Dang, the target users were not Voguns or have a lack of taste, so black on black not sure an issue!





Message Removed
modified 21Mar24 2:04am.





Message Removed
modified 21Mar24 2:04am.





but I stand corrected.
"A little time, a little trouble, your better day"
Badfinger





Not sure if this counts as a programming question, since I'm not asking for code but rather preference. I'm in a project that requires complete accuracy on numbers. So, given the following...
We all know the famous of examples of stuff like this:
0.1 + 0.2
Up until now, I've been content with rounding off any operations after the fact and calling it a day, as close enough was good enough. For applications, say that deal with currency, the age old trick is to just use integers based on a cent value. So, a $1.23 would be stored as 123 in a variable. Sweet, but, consider this:
12345 / 225
If I move along powers of the base, I never run into issues. But for your typical run of the mill calculations, even with integers, you still have to deal with fractional floating points in the arithmetic.
So, I've been using integers and rounding off any calculations to their nearest integer value. Maybe sometimes I'll floor or ceil depending on context, but that's been my current solution, which is a lot more accurate but not 100% accurate. But, good enoughish.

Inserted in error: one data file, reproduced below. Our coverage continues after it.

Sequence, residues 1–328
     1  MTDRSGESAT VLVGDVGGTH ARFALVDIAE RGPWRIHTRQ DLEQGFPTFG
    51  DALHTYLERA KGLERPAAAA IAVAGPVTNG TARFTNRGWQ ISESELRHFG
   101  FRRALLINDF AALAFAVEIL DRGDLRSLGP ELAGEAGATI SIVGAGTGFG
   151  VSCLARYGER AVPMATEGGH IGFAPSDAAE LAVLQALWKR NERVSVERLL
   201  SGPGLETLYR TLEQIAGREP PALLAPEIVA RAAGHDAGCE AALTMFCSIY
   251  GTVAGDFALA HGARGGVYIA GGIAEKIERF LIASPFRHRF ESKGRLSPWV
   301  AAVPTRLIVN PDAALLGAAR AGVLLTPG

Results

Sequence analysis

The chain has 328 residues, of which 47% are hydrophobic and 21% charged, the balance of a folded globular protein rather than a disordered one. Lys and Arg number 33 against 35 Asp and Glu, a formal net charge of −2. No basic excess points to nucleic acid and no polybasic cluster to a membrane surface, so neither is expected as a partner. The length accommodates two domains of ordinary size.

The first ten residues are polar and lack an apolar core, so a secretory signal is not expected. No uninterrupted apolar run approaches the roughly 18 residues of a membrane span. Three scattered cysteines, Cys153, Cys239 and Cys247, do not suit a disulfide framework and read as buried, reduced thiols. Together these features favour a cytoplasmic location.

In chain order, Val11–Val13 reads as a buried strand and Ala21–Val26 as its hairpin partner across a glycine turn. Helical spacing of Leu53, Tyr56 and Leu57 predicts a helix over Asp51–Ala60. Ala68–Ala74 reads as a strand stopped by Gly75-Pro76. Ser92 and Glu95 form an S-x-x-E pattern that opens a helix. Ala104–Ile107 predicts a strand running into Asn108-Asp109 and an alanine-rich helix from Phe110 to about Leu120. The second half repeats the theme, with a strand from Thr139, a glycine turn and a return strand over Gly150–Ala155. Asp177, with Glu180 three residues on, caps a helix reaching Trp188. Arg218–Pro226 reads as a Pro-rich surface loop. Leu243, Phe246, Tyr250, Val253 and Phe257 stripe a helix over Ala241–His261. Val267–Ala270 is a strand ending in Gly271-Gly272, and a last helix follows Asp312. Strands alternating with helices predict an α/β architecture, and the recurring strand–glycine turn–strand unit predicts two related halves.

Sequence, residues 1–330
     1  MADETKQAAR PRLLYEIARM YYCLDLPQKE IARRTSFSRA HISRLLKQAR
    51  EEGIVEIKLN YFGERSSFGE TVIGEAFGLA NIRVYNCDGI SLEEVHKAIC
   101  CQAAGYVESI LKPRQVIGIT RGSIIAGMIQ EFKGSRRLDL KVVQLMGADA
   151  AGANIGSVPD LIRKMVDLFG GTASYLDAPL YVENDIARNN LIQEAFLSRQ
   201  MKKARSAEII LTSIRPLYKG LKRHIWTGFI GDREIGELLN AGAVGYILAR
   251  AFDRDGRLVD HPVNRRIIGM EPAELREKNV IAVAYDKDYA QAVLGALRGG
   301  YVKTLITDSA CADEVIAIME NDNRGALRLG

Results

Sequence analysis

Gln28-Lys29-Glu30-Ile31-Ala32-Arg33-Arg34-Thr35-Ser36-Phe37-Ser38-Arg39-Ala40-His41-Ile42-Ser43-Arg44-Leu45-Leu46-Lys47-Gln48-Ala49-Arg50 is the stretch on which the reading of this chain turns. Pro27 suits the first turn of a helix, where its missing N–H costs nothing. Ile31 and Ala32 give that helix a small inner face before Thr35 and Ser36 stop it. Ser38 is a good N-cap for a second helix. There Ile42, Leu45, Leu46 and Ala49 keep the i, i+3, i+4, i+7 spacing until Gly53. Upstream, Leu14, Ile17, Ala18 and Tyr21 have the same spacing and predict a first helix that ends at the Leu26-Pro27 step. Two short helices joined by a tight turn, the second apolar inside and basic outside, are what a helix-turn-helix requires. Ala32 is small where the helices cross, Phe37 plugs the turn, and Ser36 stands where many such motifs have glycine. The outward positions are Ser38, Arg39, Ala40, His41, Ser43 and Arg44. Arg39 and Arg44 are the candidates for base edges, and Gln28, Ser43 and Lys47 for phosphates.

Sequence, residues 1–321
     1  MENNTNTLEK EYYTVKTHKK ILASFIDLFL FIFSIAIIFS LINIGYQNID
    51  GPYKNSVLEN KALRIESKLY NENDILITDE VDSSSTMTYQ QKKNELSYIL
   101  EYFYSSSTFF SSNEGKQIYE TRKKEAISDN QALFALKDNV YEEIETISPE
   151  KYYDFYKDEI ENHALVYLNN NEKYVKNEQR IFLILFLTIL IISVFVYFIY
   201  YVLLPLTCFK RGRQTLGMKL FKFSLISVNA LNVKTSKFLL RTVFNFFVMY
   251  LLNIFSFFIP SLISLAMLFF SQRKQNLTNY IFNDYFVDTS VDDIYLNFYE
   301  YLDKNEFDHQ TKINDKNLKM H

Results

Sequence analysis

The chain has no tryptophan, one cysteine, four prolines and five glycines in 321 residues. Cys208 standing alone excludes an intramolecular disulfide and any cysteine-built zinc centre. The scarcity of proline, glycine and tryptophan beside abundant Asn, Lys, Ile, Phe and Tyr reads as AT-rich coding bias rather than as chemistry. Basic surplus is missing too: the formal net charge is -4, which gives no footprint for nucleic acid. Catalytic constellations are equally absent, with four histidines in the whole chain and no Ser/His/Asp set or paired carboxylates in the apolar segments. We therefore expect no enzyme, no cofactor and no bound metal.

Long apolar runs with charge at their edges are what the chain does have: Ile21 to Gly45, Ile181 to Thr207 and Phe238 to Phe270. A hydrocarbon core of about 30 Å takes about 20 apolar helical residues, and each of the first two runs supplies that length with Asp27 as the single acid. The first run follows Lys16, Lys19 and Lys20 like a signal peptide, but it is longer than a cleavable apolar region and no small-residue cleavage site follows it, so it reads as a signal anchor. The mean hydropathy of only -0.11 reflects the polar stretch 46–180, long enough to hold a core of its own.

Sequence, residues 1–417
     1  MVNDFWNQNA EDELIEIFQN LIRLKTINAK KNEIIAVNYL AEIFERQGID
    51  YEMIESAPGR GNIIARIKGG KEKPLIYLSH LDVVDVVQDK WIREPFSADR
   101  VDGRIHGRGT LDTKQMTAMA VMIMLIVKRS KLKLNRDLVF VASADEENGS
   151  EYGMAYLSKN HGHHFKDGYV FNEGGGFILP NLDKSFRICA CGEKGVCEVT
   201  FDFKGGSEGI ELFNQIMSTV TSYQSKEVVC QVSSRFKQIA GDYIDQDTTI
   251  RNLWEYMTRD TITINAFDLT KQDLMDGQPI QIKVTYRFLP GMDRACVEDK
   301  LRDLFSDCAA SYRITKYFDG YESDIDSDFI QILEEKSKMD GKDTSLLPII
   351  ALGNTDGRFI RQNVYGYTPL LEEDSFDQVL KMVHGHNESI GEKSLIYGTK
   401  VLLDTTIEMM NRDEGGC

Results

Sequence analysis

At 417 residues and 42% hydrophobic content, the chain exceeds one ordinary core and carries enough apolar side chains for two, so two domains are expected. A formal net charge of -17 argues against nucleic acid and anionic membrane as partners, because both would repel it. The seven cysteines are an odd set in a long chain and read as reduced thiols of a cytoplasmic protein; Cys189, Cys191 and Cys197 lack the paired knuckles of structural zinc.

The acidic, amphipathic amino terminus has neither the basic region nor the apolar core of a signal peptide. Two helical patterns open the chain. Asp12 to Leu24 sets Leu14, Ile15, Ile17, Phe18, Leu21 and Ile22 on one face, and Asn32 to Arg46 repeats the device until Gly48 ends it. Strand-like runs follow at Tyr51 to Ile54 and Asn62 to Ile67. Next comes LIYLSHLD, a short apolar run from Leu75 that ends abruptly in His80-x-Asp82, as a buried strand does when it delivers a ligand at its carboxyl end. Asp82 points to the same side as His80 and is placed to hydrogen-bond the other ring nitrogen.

Soooo....
1) You guys prefer using a library to handle stuff like this? IMO I don't use one for arithmetic because most libraries for this (at least in JavaScript) are clunky and slow and don't really do a better job anyway.
2) You think integers and rounding is also the way to go? Keeps crap simple and all that, despite needing to remember to always round after division calculations or calculations against fractional types.
3) Never do arithmetic? Tell the user to go home.
Jeremy Falcon
modified 20Mar24 22:18pm.





integers with rounding (really a form of fixed decimal) is ok, but with money there may be accounting rules for rounding.
"A little time, a little trouble, your better day"
Badfinger





jmaida wrote: but with money there may be accounting rules for rounding Yeah, fortunately, for this application at least... that's not a concern. I think...
Jeremy Falcon





Then I agree, integers with rounding is simple and should work for most applications.
Consistency is key. Pick a precision and stick with it.
"A little time, a little trouble, your better day"
Badfinger





I would argue that “complete accuracy on numbers” doesn’t exist. 1/3 cannot be represented exactly. You can do tricks like working with fractions and postponing the actual division until the very end, but in the end, if you have to print the result, you will have to print an approximation.